A Colorado high school banned a group of students from praying, singing Christian songs, and discussing religious topics in their free time.
Citing “separation of church and state,” officials at Pine Creek High School told Chase Windebank, a senior, that he and his classmates no longer were allowed to use an unoccupied choir room for religious purposes.
Windebank and some classmates at Pine Creek High School, north of Colorado Springs, had been holding meeting for prayer for three years during free time.
The school grants students such as Windebank, who are in good academic standing, permission to leave during the second half of their homeroom seminar. While other classmates spent that time reading, studying, texting, snacking, socializing, or meeting in school clubs, Windebank held a prayer group.
After Assistant Principal James Lucas told Windebank on Sept. 29 that he could hold his prayer meetings only before or after school hours, he consulted lawyers at Alliance Defending Freedom, seeking protection of his right to freedom of religion and speech.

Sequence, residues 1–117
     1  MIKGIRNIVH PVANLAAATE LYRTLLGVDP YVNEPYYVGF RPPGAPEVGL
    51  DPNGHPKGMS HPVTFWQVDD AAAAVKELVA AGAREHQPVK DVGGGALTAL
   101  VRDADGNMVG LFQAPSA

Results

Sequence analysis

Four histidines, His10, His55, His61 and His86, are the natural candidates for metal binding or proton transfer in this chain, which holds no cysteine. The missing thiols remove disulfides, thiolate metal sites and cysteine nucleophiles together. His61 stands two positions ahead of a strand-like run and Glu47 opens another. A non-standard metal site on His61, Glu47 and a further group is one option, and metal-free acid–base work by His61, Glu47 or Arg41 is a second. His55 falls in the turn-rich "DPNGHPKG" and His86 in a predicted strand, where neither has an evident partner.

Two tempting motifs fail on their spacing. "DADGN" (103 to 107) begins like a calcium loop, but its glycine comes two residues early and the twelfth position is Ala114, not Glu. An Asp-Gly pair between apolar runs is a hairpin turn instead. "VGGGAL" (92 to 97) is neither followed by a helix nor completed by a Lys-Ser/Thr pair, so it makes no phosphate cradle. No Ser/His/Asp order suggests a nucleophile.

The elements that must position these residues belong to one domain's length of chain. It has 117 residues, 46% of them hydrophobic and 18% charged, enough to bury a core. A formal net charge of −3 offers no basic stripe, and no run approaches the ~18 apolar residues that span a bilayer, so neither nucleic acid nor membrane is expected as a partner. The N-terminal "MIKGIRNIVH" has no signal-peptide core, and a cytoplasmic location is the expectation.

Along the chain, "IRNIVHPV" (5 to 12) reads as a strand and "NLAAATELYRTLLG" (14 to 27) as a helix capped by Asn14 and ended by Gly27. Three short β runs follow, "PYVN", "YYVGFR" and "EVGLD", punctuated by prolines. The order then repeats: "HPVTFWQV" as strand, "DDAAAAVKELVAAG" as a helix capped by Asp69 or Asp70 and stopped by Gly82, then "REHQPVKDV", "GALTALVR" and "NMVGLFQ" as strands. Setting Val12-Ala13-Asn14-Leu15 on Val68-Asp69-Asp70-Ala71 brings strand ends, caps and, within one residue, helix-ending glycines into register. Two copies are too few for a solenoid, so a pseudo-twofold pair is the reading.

Alliance Defending Freedom filed a federal lawsuit Friday in the U.S. District Court for the District of Colorado on Windebank’s behalf.
“Public schools should encourage the free exchange of ideas. Instead, this school implemented an ill-conceived ban that singles out religious speech for censorship during free time,” Jeremy Tedesco, senior legal counsel, said.
Academy School District No. 20 and its legal counsel support Pine Creek’s decision to prohibit Windebank from holding his prayer group.
In a statement to The Daily Signal, a spokeswoman for the school district said that to continue holding his meetings, Windebank must do so during “non-instructional” hours:
[S]tudents in good academic standing may leave the seminar classroom to participate in curriculum-related activities such as studying in the library or with study groups, seeking individual assistance from staff members, or meeting with curriculum-related clubs. Seminar is not a period of time during which students may engage in non-curriculum-related activities, religious or otherwise, or participate in non-curriculum related clubs.
Matt Sharp, legal counsel with Alliance Defending Freedom, said public schools have “no business” stopping students from praying together during free time. Religious speech, he said, is “expressly protected by the First Amendment.”